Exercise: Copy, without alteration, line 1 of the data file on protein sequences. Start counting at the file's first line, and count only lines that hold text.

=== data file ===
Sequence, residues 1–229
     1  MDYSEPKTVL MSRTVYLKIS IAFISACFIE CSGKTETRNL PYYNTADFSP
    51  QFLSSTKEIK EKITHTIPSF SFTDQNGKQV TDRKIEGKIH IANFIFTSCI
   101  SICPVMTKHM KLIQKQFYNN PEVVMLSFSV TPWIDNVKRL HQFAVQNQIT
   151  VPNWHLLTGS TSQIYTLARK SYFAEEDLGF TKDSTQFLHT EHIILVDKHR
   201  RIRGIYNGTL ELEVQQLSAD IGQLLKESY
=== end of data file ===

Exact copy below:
Sequence, residues 1–229